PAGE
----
INTRODUCTION Trichiasis is an acquired condition in which the eyelash cilia are turned backward toward the globe. The lid margin is usually oriented normally with respect to the eye, but the lashes are directed at various angles. Trichiasis usually results from inflammation or scarring of the eyelid following eyelid surgery, trauma, chalazion, or severe blepharitis. It is frequently associated with chronic cicatricial diseases such as ocular pemphigoid, trachoma, and Stevens-Johnson syndrome.
CLINICAL PRESENTATION The eyelid margin may be normal in position, or it may be associated with entropion. The trichitic lashes arise from the normal lash row, but they are oriented backward towards the cornea. Patients complain of foreign body sensation and chronic ocular surface irritation. Corneal abrasion, conjunctival injection, mucoid discharge, and reflex epiphora are typical findings. In severe cases, frank corneal ulceration may be seen.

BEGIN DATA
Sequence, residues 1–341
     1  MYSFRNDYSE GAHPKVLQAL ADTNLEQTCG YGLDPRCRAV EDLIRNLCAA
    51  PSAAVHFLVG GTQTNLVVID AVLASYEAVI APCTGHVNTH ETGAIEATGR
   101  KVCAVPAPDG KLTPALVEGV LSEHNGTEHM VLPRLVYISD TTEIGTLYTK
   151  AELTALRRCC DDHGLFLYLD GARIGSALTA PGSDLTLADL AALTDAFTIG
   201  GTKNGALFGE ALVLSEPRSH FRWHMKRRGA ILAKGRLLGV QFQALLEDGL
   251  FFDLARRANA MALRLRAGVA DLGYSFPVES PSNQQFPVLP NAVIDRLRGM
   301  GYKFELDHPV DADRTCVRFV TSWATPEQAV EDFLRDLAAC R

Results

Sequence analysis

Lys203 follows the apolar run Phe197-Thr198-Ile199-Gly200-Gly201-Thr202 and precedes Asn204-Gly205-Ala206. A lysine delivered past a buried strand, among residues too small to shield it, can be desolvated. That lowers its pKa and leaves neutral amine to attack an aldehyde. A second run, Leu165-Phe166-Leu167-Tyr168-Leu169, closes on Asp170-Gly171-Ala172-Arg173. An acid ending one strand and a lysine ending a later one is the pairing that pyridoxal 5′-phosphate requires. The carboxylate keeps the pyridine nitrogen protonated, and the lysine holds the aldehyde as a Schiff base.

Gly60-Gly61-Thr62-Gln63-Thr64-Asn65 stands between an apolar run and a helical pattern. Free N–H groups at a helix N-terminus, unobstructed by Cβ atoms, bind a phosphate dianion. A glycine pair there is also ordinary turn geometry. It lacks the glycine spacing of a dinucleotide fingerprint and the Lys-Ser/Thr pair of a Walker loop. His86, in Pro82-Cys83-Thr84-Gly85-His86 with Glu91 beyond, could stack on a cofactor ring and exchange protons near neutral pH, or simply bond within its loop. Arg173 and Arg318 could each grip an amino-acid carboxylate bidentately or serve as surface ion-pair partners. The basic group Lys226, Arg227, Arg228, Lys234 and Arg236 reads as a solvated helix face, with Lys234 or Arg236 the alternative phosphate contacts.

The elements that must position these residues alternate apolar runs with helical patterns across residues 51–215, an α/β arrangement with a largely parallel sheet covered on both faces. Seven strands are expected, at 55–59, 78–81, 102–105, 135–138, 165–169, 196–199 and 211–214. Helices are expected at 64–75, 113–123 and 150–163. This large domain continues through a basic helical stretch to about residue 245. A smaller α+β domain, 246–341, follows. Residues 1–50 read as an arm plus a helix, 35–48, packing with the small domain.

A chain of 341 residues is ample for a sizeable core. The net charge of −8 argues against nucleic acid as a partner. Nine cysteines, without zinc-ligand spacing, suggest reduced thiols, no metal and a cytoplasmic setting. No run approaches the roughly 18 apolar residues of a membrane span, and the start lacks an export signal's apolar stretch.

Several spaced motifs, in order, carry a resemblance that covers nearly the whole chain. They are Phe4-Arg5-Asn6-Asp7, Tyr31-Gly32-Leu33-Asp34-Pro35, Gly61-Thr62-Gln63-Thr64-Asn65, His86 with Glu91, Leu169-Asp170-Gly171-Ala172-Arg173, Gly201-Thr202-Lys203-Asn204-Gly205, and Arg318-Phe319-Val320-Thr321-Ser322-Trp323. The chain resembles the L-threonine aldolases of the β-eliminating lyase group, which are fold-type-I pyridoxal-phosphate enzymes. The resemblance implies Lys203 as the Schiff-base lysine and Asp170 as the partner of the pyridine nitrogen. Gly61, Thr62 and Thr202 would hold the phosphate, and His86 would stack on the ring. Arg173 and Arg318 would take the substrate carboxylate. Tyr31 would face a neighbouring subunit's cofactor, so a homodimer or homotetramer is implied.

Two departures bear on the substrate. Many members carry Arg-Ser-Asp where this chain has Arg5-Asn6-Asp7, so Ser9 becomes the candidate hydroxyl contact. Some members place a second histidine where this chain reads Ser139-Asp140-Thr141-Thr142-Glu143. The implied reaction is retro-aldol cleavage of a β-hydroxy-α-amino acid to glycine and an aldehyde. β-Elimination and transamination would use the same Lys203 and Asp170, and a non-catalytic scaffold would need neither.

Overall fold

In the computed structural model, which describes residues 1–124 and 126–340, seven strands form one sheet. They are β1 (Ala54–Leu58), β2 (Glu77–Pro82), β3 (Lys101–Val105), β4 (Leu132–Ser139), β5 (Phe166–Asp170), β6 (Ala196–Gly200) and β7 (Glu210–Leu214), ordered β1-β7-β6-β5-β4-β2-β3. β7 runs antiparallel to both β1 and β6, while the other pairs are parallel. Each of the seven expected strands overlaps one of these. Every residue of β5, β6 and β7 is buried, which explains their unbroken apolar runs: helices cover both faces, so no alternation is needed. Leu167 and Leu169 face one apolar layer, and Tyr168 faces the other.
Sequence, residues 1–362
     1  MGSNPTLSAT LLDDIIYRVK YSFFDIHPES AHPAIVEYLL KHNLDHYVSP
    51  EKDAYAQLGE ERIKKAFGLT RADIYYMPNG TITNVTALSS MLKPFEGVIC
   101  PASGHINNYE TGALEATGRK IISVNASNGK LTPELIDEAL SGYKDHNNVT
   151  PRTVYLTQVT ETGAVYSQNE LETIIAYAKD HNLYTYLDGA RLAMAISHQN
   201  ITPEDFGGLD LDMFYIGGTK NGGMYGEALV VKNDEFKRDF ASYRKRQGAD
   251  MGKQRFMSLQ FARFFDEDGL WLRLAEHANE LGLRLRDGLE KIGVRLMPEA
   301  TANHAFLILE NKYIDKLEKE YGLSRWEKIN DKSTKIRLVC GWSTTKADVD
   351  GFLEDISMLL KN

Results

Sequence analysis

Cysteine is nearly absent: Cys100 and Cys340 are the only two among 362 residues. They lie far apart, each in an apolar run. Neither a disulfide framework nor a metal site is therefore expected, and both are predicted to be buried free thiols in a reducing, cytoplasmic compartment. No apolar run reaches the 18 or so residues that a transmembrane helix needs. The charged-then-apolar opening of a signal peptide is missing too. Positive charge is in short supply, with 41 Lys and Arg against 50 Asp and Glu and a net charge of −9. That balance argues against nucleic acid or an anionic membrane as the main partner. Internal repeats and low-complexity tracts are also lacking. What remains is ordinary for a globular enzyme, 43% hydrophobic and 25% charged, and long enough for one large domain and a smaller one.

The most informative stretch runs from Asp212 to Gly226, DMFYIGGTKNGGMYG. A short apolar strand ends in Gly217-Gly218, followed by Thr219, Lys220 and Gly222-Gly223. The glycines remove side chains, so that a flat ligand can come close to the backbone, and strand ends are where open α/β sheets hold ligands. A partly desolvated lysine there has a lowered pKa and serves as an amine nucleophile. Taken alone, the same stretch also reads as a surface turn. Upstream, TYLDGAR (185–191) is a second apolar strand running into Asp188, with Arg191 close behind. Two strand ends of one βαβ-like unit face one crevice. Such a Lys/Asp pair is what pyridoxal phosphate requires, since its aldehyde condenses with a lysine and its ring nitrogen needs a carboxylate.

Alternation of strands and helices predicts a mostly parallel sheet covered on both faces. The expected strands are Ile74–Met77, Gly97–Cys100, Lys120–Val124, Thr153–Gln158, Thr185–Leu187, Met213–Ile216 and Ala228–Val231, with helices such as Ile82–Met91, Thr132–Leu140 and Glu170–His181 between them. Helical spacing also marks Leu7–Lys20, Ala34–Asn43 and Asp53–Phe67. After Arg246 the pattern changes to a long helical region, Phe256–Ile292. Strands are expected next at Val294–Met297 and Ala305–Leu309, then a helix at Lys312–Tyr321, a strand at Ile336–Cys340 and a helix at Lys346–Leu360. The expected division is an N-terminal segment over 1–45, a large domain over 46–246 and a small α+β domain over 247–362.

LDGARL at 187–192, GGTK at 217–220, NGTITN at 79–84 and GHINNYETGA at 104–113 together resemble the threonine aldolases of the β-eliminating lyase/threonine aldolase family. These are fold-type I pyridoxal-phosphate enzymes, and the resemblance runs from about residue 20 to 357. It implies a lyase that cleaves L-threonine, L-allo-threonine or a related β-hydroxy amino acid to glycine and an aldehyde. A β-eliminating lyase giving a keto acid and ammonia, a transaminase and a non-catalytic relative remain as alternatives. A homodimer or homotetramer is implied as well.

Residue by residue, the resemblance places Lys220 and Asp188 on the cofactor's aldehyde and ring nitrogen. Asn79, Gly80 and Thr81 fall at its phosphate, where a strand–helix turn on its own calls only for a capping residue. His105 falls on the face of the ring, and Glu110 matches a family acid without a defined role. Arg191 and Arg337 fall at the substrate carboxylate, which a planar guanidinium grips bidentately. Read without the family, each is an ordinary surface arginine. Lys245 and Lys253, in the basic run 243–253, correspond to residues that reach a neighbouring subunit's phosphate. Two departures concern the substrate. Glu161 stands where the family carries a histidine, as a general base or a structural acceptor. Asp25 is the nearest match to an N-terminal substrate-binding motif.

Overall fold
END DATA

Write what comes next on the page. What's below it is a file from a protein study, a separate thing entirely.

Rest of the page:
TREATMENT When only a few lashes are involved mechanical epilation will produce temporary relief.
Regrowth is usual within three to four weeks. A more permanent cure requires destruction of the offending lash follicles. This is achieved by direct bulb excision, electrolysis, or radiosurgery. When larger areas of the lid margin are involved, cryosurgery may be more effective and less destructive of the lid. Laser ablation of lash follicles has also been reported to be useful. In most cases retreatment is necessary over several sessions in order to completely eliminate the offending lashes. When entropion is also present, the lid margin should be corrected in addition to removing the trichitic lashes since skin against the cornea can also be damaging to corneal epithelium.
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This ebook provides an introductory explanation of the workings of the human body, with an effort to draw connections between the body systems and explain their interdependencies. A framework for the book is homeostasis and how the body maintains balance within each system. This is intended as a first introduction to physiology for a college-level course.